Re-Evaluation the Parameters in composting and anaerobic digestion

The basic theories of composting and anaerobic digestion (AD) are supposedly well known.However, constant odour problems in the compost after tunnel composting and low energy yields in the dark fermentationprocess may be due to an inadequate understanding of some of their basic parameters. In biochemistry it is taken as readthat an increase in temperature means an increase in biochemical activity as well. Composting, however, is supposed to bean exception: when the process temperature exceeds 60oC, the activity of the micro-organisms is claimed to be inhibited.Estimations of the performance capacity of the microbes carrying out these processes focus on the consumption of theatmospheric oxygen.

The role of bound oxygen as oxidizing agent is all but neglected. The microbes’ utilisation of thecarbon is thought to be selective: lignin is held to be highly resistant while cellulose is held to be highly biodegradable. Inacetogenesis of the AD the contribution of volatile fatty acids (VFAs) is supposed to be based on the acetic acid and higherVFA homologues. Formic acid is not believed to play an important role; indeed, reasons for its non-existence are not evenaddressed.Objective of the work: addressing and answering he following questions: 1) are microbes able to utilise the chemicallybound oxygen in substrates as oxidizing agent, and 2) should lignin be taken as a biodegradable constituent of plantmaterial? Further important questions are 3) does the composting really differ from other biochemical reactions with respectto temperature behaviour, and 4) does the contribution of VFA homologues in AD acetogenesis begin with formic acid?Main results: According to field experiments, it is evident that the efficiency of the composting process increases when thecomposting temperature increases from 60oC to 75oC. Composting thus does not necessarily differ from other biochemicalreactions with respect to temperature behaviour. The important consequences of the mineralisation are: 1) the absolute ashcontent of the substrate does not change, and 2) the relative ash content increases due to the decrease of organic matter.When the relative ash content in aerobic or anaerobic mineralisation increases e.g. from 10% to 20%, the organic mattercontent of the substrate decreases by 55%. The contents of carbon and nitrogen in the residual mass tend to increase slightlywhile the content of hydrogen tends to decrease slightly. Therefore, microbes need to be able to utilise the chemically boundoxygen in the substrate as well. Subsequently respirometric experiments on the efficiency of composting need to be reevaluatedby taking into consideration the role of chemically bound oxygen in the substrate as a microbial source of oxygen,in addition to atmospheric oxygen. The elemental composition and the amount of humic substances should be expressed inreference to ash-free organic matter in order to avoid the suppression by the increasing ash content.The zero-level atmospheric oxygen condition in composting should be described by the word ‘hypoxic’. It indicates thatalthough there is a shortage of atmospheric oxygen, conditions are not anaerobic, considering the possibility of utilizing thebound oxygen. For practical application, it is important to note that too-high intensity aeration (0.5 – 1.9 m3/s) dries out thecompost mass and may trigger the formation of offensive odours which remain in the compost mass after the reactor phase.According to Crawford and Crawford (1976), 47% of the 14C marked natural lignin is degraded by microbes as 14CO2.Lignin should be considered a biodegradable constituent in composting and in AD, like other organic compounds. Its rate ofdegradation may be slower than that of carbohydrates. Overcoming this slow-down is the challenge to practical processing.Formic acid cannot be detected by GC-FID in the presence of other VFA homologues. Theories of AD need to be reevaluatedby considering formic acid as one of the VFA components in the acetogenesis. In order to produce CH4 from CO2,microbes need excessive hydrogen, even up to three times more than the stoichiometry of the reaction CO2 + 4H2 􀃎 CH4 +2H2O would suggest. This restricts the production of hydrogen in dark fermentation instead of methane.Conclusion: Re-evaluating these parameters will broaden and clarify the theoretical and practical understanding of composting and AD.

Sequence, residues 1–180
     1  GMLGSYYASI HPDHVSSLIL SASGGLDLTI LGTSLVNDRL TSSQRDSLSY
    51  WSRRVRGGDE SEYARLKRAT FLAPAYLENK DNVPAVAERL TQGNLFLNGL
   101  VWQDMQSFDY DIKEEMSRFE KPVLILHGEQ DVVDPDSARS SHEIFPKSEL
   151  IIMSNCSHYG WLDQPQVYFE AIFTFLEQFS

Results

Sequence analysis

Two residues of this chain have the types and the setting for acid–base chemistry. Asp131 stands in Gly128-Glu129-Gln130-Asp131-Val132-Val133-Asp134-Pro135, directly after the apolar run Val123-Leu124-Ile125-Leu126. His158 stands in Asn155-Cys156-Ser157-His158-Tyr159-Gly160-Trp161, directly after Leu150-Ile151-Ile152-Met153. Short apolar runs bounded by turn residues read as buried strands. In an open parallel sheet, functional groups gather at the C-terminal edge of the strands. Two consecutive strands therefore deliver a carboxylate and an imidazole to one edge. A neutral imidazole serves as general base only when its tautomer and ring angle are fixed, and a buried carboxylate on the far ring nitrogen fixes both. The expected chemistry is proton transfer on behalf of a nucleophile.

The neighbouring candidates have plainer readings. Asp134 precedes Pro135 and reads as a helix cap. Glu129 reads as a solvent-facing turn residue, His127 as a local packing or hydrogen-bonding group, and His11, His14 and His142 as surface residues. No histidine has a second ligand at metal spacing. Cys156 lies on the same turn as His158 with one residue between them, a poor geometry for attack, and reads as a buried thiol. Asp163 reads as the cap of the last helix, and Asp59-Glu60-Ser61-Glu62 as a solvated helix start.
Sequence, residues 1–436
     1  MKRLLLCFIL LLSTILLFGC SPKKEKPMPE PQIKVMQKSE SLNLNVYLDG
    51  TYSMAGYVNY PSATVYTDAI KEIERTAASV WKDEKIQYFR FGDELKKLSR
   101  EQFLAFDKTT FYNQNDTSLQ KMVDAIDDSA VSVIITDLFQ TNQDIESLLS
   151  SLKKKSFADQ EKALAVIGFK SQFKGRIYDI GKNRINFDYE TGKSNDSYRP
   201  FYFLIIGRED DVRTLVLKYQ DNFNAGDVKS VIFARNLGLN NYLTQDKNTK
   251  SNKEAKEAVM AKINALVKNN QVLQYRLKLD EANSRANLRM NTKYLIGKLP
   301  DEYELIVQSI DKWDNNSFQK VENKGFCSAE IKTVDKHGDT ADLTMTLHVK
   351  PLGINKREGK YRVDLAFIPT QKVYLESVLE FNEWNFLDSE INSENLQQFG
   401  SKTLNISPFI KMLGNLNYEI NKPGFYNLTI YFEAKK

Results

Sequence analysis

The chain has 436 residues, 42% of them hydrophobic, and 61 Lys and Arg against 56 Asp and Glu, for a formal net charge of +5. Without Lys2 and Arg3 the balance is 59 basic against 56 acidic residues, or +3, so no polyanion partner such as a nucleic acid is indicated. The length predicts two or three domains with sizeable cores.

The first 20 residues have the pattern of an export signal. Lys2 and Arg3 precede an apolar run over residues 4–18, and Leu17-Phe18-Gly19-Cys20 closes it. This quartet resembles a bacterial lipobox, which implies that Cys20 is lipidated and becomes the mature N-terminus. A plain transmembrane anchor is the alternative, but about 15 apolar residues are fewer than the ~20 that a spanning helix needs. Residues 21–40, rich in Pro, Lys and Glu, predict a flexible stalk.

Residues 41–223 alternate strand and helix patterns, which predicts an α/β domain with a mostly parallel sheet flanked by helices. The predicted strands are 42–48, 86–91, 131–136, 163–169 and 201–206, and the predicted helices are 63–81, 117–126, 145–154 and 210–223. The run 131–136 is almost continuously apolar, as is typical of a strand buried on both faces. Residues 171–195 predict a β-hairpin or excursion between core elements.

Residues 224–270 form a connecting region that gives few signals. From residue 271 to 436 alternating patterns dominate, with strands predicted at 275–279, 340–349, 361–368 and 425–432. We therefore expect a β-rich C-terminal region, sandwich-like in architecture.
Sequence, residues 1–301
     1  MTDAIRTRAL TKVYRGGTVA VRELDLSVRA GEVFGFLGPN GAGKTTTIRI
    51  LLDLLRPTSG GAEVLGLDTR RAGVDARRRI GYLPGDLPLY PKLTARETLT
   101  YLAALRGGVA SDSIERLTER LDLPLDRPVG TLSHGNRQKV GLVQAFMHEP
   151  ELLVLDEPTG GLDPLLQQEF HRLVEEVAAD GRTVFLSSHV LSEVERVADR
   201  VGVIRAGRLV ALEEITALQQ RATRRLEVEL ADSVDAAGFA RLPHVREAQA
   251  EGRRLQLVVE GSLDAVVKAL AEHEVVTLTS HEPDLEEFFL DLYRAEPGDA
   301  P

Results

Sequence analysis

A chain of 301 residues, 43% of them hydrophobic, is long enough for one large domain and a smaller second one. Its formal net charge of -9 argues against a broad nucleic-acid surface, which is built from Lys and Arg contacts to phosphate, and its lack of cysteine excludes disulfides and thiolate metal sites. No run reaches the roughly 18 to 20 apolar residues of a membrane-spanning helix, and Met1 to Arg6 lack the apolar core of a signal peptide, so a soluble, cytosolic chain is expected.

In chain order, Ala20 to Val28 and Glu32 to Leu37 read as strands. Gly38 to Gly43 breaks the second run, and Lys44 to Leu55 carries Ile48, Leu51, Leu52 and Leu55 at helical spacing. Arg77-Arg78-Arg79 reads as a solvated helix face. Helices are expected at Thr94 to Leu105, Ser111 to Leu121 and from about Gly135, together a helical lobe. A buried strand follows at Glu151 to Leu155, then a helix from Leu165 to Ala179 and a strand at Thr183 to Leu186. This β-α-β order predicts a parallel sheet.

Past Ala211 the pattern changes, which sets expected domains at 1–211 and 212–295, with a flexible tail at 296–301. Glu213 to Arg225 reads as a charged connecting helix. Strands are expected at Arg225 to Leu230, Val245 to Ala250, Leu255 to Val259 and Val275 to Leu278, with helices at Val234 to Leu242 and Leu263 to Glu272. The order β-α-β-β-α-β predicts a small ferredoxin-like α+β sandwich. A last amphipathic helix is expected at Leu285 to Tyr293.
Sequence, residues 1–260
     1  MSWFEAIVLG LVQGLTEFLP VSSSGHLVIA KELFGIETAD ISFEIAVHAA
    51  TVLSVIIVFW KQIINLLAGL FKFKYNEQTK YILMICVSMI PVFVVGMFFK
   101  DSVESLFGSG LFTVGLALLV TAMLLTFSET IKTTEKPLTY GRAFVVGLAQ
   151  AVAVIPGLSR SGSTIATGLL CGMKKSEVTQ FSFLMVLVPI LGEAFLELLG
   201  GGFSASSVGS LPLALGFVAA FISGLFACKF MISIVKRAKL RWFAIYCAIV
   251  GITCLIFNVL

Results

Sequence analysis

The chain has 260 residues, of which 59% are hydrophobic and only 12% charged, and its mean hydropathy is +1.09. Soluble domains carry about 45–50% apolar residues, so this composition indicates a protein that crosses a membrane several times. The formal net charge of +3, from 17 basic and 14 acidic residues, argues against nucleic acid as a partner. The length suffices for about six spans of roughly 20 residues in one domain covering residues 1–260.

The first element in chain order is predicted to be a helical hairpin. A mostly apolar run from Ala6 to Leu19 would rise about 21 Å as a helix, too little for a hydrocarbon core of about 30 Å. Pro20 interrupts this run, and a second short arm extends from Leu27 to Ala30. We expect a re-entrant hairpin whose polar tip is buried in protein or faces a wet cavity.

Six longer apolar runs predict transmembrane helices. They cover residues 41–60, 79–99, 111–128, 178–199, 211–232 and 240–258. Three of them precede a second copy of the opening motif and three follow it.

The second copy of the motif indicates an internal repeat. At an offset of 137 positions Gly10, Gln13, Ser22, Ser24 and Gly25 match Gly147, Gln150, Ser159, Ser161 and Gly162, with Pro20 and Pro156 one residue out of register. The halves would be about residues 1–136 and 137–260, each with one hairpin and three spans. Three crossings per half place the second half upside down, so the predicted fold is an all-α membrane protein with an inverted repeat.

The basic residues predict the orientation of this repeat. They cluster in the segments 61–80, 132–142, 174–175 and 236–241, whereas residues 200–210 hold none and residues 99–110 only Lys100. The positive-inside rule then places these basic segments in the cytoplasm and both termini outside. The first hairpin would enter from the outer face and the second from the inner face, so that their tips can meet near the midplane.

Copyright: © European Compost Network ECN e.V.
Quelle: Orbit 2012 (Juni 2012)
Seiten: 8
Preis inkl. MwSt.: € 8,00
Autor: Kari Hänninen

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